The development of the working class and the will to carry out the Socialist cause is reliant not upon the merging of nations but upon each nation advancing and expanding cooperation with other nations. These relationships between nations can only be beneficial if each nation respects the others sovereignty.
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Re: Patriotism or Nationalism

Post by DSN on Fri Jan 11, 2013 8:31 am

I remember seeing a quote posted some time ago which explained the concept of the "inter" in internationalism meaning a connection between, and not against nations. I can't remember who the words were taken from, but someone else will probably remember.

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Re: Patriotism or Nationalism

Post by Celtiberian on Fri Jan 11, 2013 1:48 pm

DSN wrote:I remember seeing a quote posted some time ago which explained the concept of the "inter" in internationalism meaning a connection between, and not against nations. I can't remember who the words were taken from, but someone else will probably remember.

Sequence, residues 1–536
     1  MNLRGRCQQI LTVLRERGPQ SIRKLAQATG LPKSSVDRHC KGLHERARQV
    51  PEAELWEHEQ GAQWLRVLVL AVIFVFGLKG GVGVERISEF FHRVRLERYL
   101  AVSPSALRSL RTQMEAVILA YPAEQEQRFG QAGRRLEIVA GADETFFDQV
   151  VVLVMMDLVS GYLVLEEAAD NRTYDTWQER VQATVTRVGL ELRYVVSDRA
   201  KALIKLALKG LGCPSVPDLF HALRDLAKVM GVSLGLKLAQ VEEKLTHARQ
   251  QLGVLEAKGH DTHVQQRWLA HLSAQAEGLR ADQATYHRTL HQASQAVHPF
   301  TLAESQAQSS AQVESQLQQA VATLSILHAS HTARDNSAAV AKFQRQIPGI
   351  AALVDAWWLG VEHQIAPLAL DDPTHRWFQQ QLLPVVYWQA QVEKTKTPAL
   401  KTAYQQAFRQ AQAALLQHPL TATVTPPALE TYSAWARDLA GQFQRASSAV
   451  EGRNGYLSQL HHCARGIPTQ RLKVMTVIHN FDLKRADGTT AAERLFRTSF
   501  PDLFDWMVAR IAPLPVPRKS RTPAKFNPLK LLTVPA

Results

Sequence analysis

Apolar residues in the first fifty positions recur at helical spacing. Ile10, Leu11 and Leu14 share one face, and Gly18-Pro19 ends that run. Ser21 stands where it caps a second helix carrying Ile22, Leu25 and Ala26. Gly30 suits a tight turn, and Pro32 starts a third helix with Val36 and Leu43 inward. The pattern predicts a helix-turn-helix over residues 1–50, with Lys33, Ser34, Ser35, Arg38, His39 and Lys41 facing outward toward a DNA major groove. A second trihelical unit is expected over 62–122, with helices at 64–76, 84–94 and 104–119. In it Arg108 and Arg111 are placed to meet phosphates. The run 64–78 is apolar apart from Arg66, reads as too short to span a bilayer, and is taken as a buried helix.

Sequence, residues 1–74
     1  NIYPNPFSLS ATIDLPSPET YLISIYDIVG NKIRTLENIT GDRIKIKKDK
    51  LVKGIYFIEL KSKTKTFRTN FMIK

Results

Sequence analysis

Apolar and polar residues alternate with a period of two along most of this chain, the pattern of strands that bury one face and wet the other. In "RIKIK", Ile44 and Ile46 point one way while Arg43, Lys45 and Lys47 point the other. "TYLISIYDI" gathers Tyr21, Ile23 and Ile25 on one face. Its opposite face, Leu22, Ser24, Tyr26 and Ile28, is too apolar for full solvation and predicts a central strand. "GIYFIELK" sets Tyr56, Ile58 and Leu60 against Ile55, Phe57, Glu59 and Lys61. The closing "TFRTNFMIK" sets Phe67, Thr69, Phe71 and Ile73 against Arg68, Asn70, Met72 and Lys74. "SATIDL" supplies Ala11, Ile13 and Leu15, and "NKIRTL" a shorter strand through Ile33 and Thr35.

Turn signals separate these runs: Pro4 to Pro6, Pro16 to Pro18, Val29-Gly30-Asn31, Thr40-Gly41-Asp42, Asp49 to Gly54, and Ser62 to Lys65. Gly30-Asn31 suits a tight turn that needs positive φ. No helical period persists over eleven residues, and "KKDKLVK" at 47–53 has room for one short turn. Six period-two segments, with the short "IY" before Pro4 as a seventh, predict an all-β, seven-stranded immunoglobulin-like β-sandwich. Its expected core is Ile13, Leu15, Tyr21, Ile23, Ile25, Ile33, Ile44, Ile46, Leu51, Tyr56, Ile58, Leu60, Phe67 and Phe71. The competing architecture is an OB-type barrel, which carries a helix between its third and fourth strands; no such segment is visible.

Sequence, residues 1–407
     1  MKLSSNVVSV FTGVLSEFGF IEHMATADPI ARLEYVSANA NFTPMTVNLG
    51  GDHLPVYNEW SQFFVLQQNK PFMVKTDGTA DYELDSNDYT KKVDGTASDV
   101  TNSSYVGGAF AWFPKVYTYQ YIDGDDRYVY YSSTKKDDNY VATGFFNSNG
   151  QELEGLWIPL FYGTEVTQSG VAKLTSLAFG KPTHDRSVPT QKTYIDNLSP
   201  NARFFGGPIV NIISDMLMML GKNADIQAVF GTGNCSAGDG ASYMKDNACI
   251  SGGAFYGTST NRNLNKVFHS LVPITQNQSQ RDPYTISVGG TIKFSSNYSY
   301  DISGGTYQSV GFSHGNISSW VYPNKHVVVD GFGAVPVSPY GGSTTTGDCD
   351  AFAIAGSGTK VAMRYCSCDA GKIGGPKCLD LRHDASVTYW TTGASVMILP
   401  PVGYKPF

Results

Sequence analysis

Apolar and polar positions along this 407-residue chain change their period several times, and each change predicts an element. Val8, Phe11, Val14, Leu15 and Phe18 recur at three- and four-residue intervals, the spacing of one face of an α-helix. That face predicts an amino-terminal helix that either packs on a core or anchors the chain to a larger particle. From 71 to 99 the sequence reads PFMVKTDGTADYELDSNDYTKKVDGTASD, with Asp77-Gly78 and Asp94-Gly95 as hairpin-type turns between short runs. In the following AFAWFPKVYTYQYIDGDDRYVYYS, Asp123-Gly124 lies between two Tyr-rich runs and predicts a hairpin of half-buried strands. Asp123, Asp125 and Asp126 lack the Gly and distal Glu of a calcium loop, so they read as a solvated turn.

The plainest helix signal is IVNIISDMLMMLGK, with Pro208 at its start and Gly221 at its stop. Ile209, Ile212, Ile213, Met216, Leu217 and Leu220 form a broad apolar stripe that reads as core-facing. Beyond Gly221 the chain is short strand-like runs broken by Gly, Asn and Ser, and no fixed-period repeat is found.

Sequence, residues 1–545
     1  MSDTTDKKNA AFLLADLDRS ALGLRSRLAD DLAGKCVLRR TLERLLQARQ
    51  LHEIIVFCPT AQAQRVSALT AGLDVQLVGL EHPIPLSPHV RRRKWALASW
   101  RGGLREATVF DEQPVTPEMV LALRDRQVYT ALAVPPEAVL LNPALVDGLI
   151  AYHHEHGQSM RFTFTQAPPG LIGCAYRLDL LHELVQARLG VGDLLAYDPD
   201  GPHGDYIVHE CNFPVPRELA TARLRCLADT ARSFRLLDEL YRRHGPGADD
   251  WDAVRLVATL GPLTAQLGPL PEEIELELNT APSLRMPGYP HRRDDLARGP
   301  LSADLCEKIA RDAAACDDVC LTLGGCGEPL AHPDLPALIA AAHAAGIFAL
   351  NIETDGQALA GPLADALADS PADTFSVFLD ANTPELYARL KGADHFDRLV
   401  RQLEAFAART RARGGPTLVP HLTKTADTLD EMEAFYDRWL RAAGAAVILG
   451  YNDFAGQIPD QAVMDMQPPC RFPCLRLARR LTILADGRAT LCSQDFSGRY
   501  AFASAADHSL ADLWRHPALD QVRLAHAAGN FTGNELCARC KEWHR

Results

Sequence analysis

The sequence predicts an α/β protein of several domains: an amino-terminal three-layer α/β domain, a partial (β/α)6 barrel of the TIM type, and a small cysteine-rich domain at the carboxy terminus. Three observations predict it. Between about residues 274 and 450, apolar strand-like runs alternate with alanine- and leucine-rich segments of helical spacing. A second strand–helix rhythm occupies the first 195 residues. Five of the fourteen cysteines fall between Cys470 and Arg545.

"...[I]nternationalism does not mean for us anti-nationalism. Nor has it anything whatever to do with the vague doctrine of world-organization, for which no accurately descriptive name exists, symbolized by the picturesque ceremony of a flag burning. This much exploited ceremonial was a crude attempt to symbolize a conception of a nationless world.

We repudiate the claim made by some that loyalty to this nation is inconsistent with true internationalism. Those who say that Socialism involves the view that the working class has no nation to call its own, that all nations are alike, that there is nothing to choose between a militarist autocracy and a democratic republic, do not preach Socialist Internationalism, but pernicious reactionary nonsense.

"Internationalism presupposes nationalism. It is the inter-relation of nations. The maintenance of national integrity and independence is an essential condition of internationalism. This principle has never in the past been seriously questioned in our movement. It has been the guiding principle of our policies in the Socialist International
."
John Spargo quoted in Victor L. Berger: Hearings Before the Special Committee, Vol. II (Washington: Government Printing Office, 1919), p. 627 (bold emphasis added).

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"The dogma of human equality is no part of Communism . . . the formula of Communism: 'from each according to his ability, to each according to his needs', would be nonsense, if abilities were equal."
—J. B. S. Haldane Hammer Sickle